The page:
Home: Kansas City, MO
Day Job: Maker Specialist, The Maker Studio @ Science City
How did you get started in making?
I have been making since I was little. I started with the most important woodworking job: holding and snapping the chalk line for my dad in the shop. Soon I graduated to holding the lumber as he cut it until I was old enough to use the saws myself. My mom trained me in fine arts; teaching me how to draw and sculpt. I made things all the time to keep myself occupied; like making characters out of office supplies, paper, and tape. My family always hacked, fixed, and made things, so I got used to learning new skills depending on the project that needed to be done.
What type of maker would you classify yourself as?
I’ve never really settled on a single process or medium. I like experimenting too much. I enjoy mixing high tech/new processes and low tech/traditional making like cardboard + circuits or sewing + 3d printing, or trying things that are totally out of the ordinary like stitching together orange peels to make sculptures. I do a lot of tinkering at work too, coming up with fun new ways of engaging and teaching young makers. I suppose I’d just call myself an experimental maker.
What’s your favorite thing you have made?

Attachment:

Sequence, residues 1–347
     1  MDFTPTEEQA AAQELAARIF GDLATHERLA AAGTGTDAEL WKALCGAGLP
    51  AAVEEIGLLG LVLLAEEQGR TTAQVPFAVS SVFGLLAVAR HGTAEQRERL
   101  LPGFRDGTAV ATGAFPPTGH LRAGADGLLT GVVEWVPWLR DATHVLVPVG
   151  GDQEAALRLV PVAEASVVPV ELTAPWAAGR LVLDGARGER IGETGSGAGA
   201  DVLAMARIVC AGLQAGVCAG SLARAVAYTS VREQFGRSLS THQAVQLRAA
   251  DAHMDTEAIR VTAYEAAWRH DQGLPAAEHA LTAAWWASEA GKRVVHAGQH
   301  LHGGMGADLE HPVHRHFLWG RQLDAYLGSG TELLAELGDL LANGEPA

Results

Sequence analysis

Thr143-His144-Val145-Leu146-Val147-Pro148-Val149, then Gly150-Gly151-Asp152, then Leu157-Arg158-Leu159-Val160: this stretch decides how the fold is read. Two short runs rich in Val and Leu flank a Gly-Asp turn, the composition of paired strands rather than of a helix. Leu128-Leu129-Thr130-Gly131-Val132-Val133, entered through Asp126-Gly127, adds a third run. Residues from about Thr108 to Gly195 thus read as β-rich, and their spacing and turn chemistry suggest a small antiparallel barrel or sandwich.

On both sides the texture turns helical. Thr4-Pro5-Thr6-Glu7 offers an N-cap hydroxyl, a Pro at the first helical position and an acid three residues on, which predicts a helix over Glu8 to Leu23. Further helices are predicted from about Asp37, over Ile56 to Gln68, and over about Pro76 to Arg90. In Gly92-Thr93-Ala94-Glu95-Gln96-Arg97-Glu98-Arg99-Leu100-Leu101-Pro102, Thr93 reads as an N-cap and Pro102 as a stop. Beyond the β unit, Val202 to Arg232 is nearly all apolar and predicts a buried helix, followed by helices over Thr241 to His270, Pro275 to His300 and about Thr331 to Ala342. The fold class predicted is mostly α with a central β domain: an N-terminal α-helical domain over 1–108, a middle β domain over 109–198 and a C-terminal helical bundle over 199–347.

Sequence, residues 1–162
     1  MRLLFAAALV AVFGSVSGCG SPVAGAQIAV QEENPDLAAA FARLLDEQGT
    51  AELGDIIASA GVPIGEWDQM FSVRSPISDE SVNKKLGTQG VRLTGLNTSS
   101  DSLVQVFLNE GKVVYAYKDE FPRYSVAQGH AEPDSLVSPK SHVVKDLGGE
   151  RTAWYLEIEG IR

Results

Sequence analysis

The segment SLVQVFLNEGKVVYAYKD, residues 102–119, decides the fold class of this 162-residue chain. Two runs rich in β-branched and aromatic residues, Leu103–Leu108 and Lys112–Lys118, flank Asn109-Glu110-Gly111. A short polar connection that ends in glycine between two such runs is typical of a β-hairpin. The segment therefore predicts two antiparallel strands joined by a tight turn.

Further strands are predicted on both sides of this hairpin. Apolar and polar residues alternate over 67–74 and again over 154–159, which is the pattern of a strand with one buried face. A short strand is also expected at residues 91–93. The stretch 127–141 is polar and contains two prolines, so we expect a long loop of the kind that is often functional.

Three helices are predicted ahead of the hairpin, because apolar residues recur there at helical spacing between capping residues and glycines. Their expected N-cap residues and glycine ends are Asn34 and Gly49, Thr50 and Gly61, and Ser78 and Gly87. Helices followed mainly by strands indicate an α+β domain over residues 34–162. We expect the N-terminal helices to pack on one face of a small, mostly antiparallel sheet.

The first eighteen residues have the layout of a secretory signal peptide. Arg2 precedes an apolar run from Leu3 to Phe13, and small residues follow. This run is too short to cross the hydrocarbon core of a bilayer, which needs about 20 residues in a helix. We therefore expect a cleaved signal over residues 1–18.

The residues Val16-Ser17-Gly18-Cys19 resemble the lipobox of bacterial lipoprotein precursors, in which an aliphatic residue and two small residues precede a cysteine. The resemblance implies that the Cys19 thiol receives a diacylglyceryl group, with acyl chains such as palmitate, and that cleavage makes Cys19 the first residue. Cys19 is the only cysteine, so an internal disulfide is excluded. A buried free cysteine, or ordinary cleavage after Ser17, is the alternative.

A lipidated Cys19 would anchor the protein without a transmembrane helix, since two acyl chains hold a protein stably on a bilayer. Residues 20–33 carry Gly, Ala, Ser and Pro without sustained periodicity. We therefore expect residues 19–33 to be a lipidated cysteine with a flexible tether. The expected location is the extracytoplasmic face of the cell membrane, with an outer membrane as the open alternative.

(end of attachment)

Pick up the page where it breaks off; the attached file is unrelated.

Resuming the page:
I like to create things that have some whimsy to them and often end up falling in love with my little characters. I’ve been making more wearables lately which is always fun. My favorite of those has been my Stormfly (dragon) cosplay that I paired with my daughter’s Astrid (Viking) cosplay.
I made the bulk of it out of cardboard, but it’s pretty polished and detailed so the material surprises people. I paired the cardboard with 3D printed parts for the horns and teeth. It was fun figuring out how to marry the two materials. The best part was wearing it out and about and pretending I was a dragon.
Any advice for people reading this?
Try new things. Even if you don’t have any prior experience, try it anyways. And if you get stuck, ask around for advice. A lot of people don’t realize how broad their networks of fellow makers are, but there’s always a friend of a friend who has made something similar and is willing to help out.